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This Teacher in History

Lillian Simons, Staff Writer

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During school hours we sit in class and listen to lectures by teachers we pass by occasionally in the halls. We know them only by what they have taught us, and rarely know who they are outside of the classroom. We don’t ask where they have been, nor who they were when they were our age, but maybe we should. Only then would we understand their struggles and their success, and only then we would genuinely listen to their stories during class, rather than sleep through the notes and lectures.
Korey Williams is one teacher whose tales have been highlighted in his teaching. For those who have had the pleasure of being in his class, he has occasional backstories in which he refers to when speaking of a certain time in history.
Starting out as a Navy navigator and working his way forward as a rescue swimmer, Mr. Williams now follows in his family’s long list of teachers. His background in the military allows his students to see beyond the chalkboard when he’s leading his history classes. “I think, especially being a social studies teacher, being in the Navy where you get to travel to many different parts of the world, contributed to my interest in it. I think it gives me an understanding of many of the places that we talk about because I’ve been there.”
When asked which of his recollections is his favorite, Williams says there are a lot to choose from, yet most of the greater ones are when he was at rough seas during his time in the Navy. He likes these stories because they are dramatic and “no matter what year you were a sailer- Columbus or before hand, traveling across the Mediterranean, whether you were Roman or Greek- it all translates to the same feeling.” He personally spent much of his time in the Middle East, Central America and Europe.
Recalling one of his favored times, Mr Williams said he loved working for NATO. During his time there, he traveled across Europe. “Traveling throughout Europe is a pretty cool experience, especially being a history teacher, whether American or world history. Mostly, because it’s all tied in with immigration and the world wars. It all fits.” One of his greatest stories he hasn’t told yet. He admits, “The best story you haven’t heard yet. That comes in May.”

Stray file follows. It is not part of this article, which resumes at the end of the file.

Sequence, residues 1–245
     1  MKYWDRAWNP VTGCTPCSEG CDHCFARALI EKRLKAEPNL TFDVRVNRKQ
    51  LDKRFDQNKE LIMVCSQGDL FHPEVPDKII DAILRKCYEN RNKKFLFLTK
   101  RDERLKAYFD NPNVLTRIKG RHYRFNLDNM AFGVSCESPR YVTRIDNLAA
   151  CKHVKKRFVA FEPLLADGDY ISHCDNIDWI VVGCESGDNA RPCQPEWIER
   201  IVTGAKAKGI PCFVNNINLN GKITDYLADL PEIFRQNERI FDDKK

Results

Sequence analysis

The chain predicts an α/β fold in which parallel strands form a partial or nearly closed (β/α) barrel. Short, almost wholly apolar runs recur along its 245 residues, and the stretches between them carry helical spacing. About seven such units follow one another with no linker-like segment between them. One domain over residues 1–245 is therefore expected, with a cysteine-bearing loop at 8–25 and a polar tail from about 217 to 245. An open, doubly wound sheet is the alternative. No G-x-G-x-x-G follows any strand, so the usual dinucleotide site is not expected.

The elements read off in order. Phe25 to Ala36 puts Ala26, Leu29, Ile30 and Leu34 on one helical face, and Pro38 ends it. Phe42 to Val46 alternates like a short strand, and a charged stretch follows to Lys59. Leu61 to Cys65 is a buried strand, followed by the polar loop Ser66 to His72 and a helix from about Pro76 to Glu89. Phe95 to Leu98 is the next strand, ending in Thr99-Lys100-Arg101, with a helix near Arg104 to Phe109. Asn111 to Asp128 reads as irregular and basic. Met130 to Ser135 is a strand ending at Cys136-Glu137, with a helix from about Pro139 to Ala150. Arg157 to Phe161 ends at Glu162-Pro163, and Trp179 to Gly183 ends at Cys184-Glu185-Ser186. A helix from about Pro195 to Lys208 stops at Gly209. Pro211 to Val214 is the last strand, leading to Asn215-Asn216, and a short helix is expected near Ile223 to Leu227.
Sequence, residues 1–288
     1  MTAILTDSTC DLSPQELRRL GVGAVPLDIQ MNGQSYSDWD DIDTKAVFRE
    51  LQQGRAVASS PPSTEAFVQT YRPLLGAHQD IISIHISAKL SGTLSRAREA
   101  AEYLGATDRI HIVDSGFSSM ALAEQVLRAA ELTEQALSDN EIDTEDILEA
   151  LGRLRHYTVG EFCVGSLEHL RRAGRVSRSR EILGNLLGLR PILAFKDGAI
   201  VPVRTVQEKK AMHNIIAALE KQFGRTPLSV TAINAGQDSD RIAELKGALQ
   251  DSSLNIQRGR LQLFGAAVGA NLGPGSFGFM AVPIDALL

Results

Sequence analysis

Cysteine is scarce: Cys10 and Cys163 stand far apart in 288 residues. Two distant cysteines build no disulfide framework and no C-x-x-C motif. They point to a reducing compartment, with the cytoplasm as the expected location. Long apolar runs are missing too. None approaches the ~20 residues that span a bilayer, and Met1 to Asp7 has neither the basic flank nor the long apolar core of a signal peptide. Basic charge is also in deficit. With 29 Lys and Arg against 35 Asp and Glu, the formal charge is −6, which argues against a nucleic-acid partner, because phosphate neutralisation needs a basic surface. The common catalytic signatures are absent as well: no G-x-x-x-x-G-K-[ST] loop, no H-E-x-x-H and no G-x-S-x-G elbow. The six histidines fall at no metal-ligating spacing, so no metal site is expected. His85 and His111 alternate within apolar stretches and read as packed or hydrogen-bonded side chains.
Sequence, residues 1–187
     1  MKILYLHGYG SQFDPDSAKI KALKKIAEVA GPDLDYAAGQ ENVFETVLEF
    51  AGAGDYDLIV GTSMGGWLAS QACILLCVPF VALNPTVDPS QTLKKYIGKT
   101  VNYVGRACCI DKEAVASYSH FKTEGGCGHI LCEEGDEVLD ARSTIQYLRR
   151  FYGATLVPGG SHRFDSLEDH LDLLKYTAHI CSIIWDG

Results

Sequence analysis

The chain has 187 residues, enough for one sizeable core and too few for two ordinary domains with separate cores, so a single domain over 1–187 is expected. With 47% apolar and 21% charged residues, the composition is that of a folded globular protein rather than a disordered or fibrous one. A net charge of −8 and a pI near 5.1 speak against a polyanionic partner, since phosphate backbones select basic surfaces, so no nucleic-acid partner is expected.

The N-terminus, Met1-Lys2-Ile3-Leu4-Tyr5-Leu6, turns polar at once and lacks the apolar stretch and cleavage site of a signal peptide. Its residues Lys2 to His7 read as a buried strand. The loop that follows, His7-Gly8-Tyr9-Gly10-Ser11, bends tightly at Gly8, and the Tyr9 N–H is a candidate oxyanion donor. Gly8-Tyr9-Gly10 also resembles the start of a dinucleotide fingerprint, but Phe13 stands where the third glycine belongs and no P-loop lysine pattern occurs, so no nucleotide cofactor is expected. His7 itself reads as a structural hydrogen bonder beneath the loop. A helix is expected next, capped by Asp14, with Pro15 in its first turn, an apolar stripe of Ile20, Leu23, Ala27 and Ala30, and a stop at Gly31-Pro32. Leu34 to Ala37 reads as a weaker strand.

One of his favorite things about teaching history is that the world is always changing. “Every day is different; every year is different. It just keeps you young.” He enjoys watching students grow from freshman year to senior year. As his time as a coach for middle school sports, Williams knows many students who started their younger education in Westhampton. Being apart of a community where students are able to learn from him throughout the years is a “great experience” for both student and teacher.
As advice for any students looking to be apart of the military or have a teaching career, Williams encourages everyone to be open-minded. “In both jobs you have to give 100%, which is true in any job, but in the military and teaching you have to have an open-mind. They are both challenging jobs, in that you always have to be prepared.” He also mentions, just like history itself, that circumstances in those jobs are always changing. You have to be a flexible enough person to accept, and move forward with the oncoming change. “Be prepared for setbacks at times, but in the end they make you better.”
Both of Mr Williams’ sons have chosen the military path. Although he hasn’t pushed it on them, he greatly supports it. He believes that the military allows people to become greater, physically and mentally. “In the end, it makes you a better person.” He believes there is a big picture when working for the military, and that you can’t look forward to it day to day. Instead, he says look at it two or four years from where you are. The future is always the brighter goal.

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This Teacher in History